Senior thesis: Nwabueze’s African roots shape her path in theater

Princeton senior Ugonna Nwabueze, a first-generation Nigerian American, has undertaken two creative thesis projects — an original play and a production of the play “Eclipsed,” in which she played a leading role — to meet the requirements for her English major and certificates in African studies, African American studies and theater. Photo byDenise Applewhite, Office of Communications
Tuesday, February 20, 2018

Princeton senior Ugonna Nwabueze, a first-generation Nigerian American, grew up in Brooklyn, New York, but the stories her father told her about being a child soldier in the Nigerian civil war, which began in 1967, haunted her.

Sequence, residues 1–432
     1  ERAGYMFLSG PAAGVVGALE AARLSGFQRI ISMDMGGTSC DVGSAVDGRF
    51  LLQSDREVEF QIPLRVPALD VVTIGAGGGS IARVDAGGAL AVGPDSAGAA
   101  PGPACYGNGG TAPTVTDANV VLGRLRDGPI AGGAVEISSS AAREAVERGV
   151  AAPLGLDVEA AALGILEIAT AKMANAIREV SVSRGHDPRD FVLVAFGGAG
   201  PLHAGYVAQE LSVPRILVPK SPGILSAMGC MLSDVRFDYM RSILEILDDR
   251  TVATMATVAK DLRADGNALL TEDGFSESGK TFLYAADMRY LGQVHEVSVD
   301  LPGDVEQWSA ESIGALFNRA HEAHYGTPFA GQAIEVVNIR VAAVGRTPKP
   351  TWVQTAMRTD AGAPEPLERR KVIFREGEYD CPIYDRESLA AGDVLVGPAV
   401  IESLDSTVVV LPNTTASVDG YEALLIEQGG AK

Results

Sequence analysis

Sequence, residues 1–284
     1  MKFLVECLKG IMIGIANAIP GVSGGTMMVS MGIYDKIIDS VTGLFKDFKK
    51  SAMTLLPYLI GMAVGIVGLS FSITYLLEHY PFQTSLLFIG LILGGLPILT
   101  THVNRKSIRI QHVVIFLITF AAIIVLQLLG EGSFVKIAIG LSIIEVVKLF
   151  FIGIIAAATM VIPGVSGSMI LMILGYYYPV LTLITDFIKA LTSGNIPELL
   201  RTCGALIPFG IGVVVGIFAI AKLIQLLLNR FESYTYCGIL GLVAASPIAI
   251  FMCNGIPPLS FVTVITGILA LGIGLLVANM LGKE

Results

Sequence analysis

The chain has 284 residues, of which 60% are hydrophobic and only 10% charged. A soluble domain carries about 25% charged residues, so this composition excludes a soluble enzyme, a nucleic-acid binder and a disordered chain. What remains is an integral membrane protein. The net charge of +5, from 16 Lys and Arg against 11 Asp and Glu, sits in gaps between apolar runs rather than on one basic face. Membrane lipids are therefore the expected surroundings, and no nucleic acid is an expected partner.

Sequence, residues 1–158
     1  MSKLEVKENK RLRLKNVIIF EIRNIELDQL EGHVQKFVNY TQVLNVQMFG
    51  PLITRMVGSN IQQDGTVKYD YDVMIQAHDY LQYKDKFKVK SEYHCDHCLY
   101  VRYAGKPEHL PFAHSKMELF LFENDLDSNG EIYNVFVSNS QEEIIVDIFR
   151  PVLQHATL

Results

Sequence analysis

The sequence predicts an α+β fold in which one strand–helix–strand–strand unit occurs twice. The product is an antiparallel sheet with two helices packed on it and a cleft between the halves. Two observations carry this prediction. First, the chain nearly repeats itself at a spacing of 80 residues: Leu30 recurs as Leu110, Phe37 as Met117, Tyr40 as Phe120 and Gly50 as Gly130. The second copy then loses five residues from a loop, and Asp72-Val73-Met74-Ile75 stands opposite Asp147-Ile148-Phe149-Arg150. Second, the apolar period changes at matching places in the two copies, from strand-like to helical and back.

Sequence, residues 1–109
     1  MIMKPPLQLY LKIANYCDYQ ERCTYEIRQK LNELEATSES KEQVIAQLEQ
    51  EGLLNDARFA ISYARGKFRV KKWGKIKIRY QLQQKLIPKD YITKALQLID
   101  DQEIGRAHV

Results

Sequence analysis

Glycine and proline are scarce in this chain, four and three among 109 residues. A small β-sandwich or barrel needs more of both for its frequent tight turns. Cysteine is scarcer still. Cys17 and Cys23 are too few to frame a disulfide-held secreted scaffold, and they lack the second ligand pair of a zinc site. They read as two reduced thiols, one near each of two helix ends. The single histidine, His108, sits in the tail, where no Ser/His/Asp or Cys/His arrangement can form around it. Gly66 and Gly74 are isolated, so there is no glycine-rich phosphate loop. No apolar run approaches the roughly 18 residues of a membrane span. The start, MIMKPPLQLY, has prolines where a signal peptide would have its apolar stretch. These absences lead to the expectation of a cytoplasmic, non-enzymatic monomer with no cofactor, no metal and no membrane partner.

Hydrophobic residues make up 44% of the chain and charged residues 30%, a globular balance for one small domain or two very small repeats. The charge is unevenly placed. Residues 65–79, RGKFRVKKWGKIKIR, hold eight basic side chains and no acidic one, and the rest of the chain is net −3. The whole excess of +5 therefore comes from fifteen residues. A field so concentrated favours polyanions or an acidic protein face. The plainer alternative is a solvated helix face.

Her family history would influence one of her two senior thesis projects, a production of “Eclipsed” by Tony Award-winning playwright Danai Gurira, for which Nwabueze researched, produced and played a leading role.

“Eclipsed” follows five Liberian women during the second Liberian civil war —  the captive wives of a rebel officer who form a fragile community in a dilapidated, one-bedroom shack. Gurira based the script on interviews she conducted with Liberian women. A note from Gurira at the top of the published script states the importance of research to anyone who produces the play — Nwabueze took those words to heart.

Nwabueze’s development of the production of “Eclipsed”— which included an unforgettable trip to West Africa to conduct interviews of her own — is for her certificates in theater and African studies. For her senior thesis requirement as an English major, as well as for her certificate in African American studies, Nwabueze is writing a play set in New Orleans about the experiences of three black women in the 1800s.

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